In the previous post we covered the elasticity of demand and supply. In this post we will look into consumer demand and what affects it.
Utility theory explains consumer demand based on preferences for alternative combination of goods. The satisfaction that a consumer derives from consuming a combination of goods is measured by utility.
If combination 1 has 5 biscuits and 1 tea and combination 2 has 10 biscuits and 2 teas. If the utility of combination 1 is 100 and that of combination 2 is 200 then we can say that the consumer derives more utility from the second combination. However we cannot pass any judgement on the amount of utility. We cannot say that combination 2 provides double the utility of combination 1.
Indifference curves plot the various combinations of two goods that provide equal utility, i.e. the consumer is indifferent between the various combinations.
A combination with less of good X should have more of good Y for both to have the same utility and lie on the same indifference curve.
Indifference curves are convex towards the origin. Convexity results as the slope of the curve decreases as we move towards more of good X and less of good Y as demonstrated below;
The slope of the indifference curve is called the marginal rate of substitution i.e. the rate at which a consumer will exchange Good X for Good Y. We can see from the above diagram that between A and B the consumer is willing to give up 1 unit of good X for one additional unit of Good Y. As we move down the curve between points C and D, the consumer is willing to give up two units of Good X for one additional unit of Y. From this we understand that when a consumer has more of X he is willing to give up more of X for an additional unit of Y.
In the above diagram we see that indifference curves cross. From the diagram we can derive that B has equal consumer demand to A and C, however C has more consumer demand compared to A as it has more of both the goods, X and Y.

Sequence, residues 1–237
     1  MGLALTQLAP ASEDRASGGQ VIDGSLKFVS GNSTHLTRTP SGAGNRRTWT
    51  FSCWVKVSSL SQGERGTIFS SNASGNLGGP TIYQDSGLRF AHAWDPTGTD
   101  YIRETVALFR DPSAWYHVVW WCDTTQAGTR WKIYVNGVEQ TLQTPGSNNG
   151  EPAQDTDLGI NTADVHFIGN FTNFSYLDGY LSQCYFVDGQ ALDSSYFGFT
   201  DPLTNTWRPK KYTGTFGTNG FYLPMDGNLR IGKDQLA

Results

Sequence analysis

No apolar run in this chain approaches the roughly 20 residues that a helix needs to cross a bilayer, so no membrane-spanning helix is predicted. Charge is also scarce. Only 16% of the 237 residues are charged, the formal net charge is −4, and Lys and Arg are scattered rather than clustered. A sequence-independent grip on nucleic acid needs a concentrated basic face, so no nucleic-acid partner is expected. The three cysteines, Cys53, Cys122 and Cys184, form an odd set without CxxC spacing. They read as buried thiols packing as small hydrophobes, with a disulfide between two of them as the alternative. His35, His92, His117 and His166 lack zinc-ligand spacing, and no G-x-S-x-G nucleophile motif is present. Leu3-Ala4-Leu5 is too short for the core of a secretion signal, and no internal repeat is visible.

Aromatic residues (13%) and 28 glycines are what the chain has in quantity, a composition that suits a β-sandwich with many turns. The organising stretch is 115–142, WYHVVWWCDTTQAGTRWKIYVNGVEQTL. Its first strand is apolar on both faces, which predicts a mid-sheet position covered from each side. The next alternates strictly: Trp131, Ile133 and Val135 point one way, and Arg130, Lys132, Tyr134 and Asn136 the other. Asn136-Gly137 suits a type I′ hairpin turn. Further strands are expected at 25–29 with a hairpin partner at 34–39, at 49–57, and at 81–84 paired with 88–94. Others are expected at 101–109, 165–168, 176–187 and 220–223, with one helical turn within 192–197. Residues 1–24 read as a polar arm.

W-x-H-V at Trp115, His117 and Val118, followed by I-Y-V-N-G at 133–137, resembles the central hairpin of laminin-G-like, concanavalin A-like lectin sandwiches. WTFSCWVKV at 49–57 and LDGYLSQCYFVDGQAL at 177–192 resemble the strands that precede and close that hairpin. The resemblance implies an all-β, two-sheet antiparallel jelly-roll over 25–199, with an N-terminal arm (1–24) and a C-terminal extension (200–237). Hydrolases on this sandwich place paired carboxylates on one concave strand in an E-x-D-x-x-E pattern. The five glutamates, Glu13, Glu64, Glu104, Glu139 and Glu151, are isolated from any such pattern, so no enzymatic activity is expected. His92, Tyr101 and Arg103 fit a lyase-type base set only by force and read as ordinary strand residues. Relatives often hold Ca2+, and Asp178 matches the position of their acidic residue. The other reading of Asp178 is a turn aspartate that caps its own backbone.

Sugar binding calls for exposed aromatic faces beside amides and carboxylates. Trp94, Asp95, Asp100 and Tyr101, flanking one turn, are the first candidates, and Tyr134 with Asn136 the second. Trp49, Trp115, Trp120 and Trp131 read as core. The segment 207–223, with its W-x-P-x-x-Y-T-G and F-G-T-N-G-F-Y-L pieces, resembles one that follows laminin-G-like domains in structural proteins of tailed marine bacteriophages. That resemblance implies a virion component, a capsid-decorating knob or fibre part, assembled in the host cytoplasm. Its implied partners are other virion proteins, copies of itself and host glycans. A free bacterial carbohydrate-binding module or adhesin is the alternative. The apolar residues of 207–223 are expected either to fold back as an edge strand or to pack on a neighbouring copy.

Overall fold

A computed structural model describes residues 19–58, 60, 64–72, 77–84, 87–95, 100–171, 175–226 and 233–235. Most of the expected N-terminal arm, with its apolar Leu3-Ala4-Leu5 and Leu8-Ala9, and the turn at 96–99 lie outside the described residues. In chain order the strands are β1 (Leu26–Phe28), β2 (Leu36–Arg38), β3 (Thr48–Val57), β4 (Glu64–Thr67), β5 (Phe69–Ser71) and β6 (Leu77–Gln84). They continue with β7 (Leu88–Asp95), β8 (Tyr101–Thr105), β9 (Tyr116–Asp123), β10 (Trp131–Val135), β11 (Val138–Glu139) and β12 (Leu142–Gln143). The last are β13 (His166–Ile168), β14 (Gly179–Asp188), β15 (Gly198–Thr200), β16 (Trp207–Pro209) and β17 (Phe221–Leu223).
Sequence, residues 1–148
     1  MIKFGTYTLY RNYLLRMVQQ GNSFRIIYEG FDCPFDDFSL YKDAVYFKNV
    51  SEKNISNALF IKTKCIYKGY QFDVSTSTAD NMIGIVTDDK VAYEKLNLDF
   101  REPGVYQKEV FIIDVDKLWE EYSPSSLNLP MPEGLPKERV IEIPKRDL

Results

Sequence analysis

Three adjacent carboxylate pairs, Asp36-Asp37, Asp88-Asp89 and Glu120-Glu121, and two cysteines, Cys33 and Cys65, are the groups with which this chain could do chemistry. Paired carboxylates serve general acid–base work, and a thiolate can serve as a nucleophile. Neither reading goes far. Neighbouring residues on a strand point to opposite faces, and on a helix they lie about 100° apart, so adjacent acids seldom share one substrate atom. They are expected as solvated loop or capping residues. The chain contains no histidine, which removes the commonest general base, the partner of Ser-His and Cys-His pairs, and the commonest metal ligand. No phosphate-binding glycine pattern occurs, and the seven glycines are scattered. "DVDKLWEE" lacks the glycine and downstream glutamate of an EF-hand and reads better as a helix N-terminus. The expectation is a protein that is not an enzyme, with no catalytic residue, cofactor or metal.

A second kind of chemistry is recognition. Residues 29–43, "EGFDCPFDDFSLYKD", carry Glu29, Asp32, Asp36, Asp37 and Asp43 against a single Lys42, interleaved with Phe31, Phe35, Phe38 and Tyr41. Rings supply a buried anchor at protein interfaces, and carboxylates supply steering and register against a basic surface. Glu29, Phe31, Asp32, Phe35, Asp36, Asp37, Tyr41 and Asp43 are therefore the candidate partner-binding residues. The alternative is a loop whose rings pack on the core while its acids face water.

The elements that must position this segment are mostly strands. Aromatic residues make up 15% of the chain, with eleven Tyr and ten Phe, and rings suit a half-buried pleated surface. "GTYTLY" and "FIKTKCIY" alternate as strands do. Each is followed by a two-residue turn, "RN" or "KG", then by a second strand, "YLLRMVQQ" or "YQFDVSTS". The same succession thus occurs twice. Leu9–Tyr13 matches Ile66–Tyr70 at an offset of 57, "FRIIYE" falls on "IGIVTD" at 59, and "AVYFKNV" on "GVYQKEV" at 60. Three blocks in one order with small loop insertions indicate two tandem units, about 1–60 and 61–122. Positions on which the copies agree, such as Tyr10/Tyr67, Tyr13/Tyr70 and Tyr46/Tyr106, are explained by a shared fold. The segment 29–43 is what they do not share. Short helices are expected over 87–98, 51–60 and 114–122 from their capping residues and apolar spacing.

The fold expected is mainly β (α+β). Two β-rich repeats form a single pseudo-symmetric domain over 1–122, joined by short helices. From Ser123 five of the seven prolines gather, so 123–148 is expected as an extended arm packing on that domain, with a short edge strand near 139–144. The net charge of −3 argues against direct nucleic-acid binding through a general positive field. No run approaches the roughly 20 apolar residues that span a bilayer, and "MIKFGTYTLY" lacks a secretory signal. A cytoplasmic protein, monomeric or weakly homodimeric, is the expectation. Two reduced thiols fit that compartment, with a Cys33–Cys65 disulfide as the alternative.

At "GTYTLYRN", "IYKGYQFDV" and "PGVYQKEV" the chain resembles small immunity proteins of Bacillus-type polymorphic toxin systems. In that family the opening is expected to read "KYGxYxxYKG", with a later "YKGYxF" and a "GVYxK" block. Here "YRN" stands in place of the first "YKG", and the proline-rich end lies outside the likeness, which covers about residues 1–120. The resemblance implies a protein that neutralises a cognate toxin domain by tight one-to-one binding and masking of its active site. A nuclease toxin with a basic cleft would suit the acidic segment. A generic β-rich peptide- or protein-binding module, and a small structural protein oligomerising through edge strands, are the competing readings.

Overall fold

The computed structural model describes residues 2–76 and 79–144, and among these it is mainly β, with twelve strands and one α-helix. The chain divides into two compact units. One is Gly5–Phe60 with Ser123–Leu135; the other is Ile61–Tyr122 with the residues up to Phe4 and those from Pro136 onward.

A consumer derives equilibrium (optimal combination) at the point where the indifference curve is tangent to the budget line. The combinations on I0 are more affordable but are less preferred that I1. The combinations on I2 are more preferred than those on I1 but are less affordable than those on I1. The most preferred affordable combination of X and Y is where the indifference curve I1 is tangent to the budget line as it falls within the consumers budget.
Substitution and Income effects:
When the price of good X falls it leads to higher consumer demand for X and a consumer consumes more of good X. This is called substitution effect. As a fall in price of good X also leads to a decrease in the total expenditure of the consumer, it also has an income effect. However income effect can lead to either increase or decrease in the consumer demand of good X. If the income effect is positive the good is called a normal good as its consumption increases with an increase in income or a fall in its price. If the income effect is negative it is called an inferior good as an increase in income or fall in its price decreases its demand. (Normal goods and inferior goods were covered in detail in the last post.)
If the substitution effect is positive and the income effect is also positive, it leads to an increase in the consumer demand of Good X. If the substitution effect is positive and the income effect is negative but to a lesser extent than the substitution effect, the consumer demand of good X will increase. If the substitution effect is positive but the income effect is negative and to a larger extent than the substitution effect, it will lead to a decrease in the consumer demand of good X.
Giffen good and Veblen good:
A Giffen good is an inferior good for whom the negative income effect outweighs the positive substitution effect when the price falls and therefore its demand falls. A Giffen good has an upward sloping demand curve as more quantity is demanded at higher prices as against lower prices.
A Veblen good is one which is more desirable at higher prices. For example, status goods.
The distinction between Giffen goods and Veblen goods is that, Giffen goods are inferior goods while Veblen goods are not.
That’s all in this post …..Thanks for reading….in the next post we will learn about accounting, normal and economic profits…bye for now
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For solved examples please refer to the CFA Institute Books or any other study notes that provide them and you may want to use. The problems can be easily solved using the CFA institute approved financial calculators. Please refer to the CFA exam policy and CFA calculator guide.